5.) How to listen carefully.

Other than their notorious kickass drinking culture, one thing Irish people are usually generalized for are their complicated accents. Complicated is probably not a very accurate word to use, but let’s put it this way; it’s really freaking hard to comprehend them. Depending on what region they come from, their level of indiscernible accents ranges from “hard to understand” to pretty much “impossible”. So because of that, you listen. A great weakness of mine that I learned to overcome because I had to. I tend to space out when people are talking to me sometimes, but nuh uh, not when you’re talking to Irish people. You listen carefully so you don’t seem dense or slow. But then again, Irish people are aware of their strong accents so they never take it to offense when you ask them to repeat what they said. You learn this too, because there’ll be times you’ll really need them to repeat it.

6.) How to drink appropriately at any time of the day.

Do I really need to say more? Irish people’s drinking culture is known worldwide for a very good reason– they can fucking drink. Whether you come to Ireland for a drinking binge with other millennials or you go there with family like I did, expect there’ll be drinking at any time of the day. In Ireland, you learn that there’s no such thing as too early or too late. You can be as free as you want to be here. You will not be judged. You can have your big breakfast with Irish coffee, followed by some hot whiskey, and continue on with Guinness the rest of the day. Here’s what you will learn there; the appropriate way to drink in Ireland is that there’s no “appropriate” way to drink at all.

7.) How to trust no one… when it comes to predicting the weather, at least.

Yes, not only do you learn to suck it up in the cold, but you do learn another significant lesson about the weather too. Trust no b*tch. You’d think I would have learned my lesson by now having lived in the Philippines for so long. But Ireland weather is just another level of lies. They can tell you it’ll be extremely cold and freezing in the afternoon but in a blink of an eye, the beautiful sun shines on your lawn. Or vice versa. Weather apps can predict the sun yet the weather gods will give you a hurricane instead. Weathermen and weather apps– they are the most misleading things in Ireland. Do not be fooled.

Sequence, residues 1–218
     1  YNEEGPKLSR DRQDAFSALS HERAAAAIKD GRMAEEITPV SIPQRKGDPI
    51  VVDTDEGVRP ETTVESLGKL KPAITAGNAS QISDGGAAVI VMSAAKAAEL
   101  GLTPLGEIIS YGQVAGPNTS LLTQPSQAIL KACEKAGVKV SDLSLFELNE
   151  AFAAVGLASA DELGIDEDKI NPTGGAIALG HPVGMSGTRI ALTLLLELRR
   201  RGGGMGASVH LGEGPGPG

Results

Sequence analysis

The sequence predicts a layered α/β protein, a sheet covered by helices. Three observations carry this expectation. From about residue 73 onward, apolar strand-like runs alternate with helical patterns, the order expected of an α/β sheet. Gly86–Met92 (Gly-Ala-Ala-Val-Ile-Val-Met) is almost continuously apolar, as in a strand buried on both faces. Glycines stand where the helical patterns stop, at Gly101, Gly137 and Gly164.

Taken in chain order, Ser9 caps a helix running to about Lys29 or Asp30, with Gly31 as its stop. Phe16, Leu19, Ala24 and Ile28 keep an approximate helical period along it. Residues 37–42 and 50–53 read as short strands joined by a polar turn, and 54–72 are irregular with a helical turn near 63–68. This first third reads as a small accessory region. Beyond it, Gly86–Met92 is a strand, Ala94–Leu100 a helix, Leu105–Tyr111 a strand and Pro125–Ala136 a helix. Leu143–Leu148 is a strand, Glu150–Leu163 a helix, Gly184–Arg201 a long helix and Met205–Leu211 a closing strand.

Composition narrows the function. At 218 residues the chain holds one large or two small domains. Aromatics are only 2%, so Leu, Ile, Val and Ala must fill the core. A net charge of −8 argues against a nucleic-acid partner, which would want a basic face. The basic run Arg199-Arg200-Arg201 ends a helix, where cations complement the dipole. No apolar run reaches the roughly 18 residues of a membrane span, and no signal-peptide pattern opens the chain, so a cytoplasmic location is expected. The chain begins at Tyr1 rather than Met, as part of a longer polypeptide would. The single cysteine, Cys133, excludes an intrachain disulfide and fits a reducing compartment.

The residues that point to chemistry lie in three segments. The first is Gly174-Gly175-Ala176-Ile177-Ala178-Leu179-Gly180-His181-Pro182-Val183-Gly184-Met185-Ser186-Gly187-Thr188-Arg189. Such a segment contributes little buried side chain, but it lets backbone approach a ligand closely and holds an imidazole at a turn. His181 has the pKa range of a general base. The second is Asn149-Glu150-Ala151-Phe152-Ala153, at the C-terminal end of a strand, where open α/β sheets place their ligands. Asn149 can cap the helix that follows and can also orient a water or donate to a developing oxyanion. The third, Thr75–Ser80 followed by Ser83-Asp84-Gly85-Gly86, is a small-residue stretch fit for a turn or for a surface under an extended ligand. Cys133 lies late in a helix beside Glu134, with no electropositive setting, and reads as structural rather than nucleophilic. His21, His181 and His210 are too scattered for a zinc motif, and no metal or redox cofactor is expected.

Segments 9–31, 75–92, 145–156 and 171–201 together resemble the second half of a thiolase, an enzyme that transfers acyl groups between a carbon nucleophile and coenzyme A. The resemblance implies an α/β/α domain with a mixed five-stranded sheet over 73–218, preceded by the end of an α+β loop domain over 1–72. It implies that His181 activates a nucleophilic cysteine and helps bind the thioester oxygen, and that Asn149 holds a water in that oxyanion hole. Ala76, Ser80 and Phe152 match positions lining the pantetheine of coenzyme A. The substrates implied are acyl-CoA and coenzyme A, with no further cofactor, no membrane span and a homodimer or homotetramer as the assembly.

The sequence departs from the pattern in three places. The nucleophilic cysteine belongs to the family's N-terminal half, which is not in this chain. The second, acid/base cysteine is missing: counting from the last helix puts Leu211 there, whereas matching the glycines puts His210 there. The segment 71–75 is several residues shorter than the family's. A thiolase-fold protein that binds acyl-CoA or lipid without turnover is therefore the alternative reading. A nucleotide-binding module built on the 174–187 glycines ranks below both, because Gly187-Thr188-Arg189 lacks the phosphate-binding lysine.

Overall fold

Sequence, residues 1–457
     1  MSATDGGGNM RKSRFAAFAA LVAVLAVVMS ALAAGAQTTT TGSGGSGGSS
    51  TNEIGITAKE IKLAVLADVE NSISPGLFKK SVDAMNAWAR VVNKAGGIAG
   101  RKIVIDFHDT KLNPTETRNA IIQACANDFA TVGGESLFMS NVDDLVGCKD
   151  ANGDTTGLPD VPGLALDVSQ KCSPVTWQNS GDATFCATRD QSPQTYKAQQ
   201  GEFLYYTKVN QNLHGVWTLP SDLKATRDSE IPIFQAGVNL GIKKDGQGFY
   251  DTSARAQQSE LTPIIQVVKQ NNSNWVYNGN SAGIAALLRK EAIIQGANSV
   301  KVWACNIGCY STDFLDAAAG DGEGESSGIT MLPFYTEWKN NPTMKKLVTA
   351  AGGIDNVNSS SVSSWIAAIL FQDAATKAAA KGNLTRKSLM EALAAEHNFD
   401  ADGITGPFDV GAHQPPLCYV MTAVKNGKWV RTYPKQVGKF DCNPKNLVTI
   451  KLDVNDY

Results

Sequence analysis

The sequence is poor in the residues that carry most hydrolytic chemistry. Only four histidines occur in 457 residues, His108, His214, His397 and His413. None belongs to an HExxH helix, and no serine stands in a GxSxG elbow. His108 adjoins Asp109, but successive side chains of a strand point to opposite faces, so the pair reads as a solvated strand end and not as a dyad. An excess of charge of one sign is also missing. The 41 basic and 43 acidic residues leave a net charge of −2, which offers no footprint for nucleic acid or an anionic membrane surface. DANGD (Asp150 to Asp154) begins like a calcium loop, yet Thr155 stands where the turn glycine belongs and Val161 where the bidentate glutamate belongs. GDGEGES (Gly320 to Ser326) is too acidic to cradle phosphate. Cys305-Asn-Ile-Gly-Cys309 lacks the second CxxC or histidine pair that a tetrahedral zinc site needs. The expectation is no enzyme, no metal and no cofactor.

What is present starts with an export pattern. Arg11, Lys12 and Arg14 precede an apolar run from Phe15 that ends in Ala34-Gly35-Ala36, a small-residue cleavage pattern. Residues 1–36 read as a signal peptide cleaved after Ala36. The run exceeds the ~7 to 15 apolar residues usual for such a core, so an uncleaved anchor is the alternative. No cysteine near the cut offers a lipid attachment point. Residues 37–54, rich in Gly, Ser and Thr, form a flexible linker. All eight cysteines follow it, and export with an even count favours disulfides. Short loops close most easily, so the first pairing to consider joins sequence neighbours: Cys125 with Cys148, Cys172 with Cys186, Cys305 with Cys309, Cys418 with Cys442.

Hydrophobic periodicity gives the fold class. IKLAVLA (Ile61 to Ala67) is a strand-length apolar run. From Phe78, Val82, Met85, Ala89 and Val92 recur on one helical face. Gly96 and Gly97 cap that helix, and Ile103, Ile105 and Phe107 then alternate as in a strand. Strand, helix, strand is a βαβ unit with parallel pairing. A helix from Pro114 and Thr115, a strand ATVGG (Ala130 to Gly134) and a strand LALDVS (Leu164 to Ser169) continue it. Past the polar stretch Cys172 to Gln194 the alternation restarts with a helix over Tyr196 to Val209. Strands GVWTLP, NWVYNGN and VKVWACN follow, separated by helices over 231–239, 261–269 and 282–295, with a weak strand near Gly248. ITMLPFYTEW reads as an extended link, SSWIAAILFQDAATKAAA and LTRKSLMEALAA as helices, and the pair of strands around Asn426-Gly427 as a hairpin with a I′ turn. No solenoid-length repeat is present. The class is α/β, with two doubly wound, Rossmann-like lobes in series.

8.) How to take a joke.

Irish people… they’re a funny bunch. As if their friendliness isn’t enough to make your moments with them very memorable, but they are pretty damn funny too. Just take my story for an example. It’s a pretty long one, but it’s one of my favorite stories to tell. Click here to read about that one time I hid at the back of a tour bus.

9.) How to make or find crack.

Everyone in Ireland knows how to make and find crack. And if you know how to get down, they might be the best crack you’ll ever have in your life. Who knows? To clear that up though, I actually meant “craic”, which is a Gaelic word that is pretty much equivalent to the English word FUN. It’s an essential word to learn if you’re coming to Ireland. But once you’re there, you’ll quickly find out that craic is everywhere– inside the bar, out in the streets, inside their homes. They know how to have fun, and they’re even better at MAKING things fun.

10.) How to make the best of a rainy afternoon.

I’m no stranger to rain. I love rain, as a matter of fact. There’s nothing like a good nap during a tropical rain in the afternoon. Or sleeping in the morning as the melody of raindrops on my window sends me back to sleep. But Irish rain is no tropical rain. And when you’re in Ireland in a very strict schedule because of the holidays, rain isn’t something you cancel your plans for. To be fair, rain never really is a legitimate reason to cancel your plans, but I’m just saying, Ireland has too many things to offer that you shouldn’t let rain keep you indoors. Remember when I said Ireland teaches you not to trust any weather app? This goes hand in hand with that. I was ready for sunshine and was dressed in all white when the rain decided to follow me all the way to Dublin, and then all the way up north. But there’s so much culture to see and so much views to take in that regardless of getting sick (which I did, fyi), you just do it. Because that’s just life isn’t it? You just have to make it through the rain. Cue Mariah Carey. xo.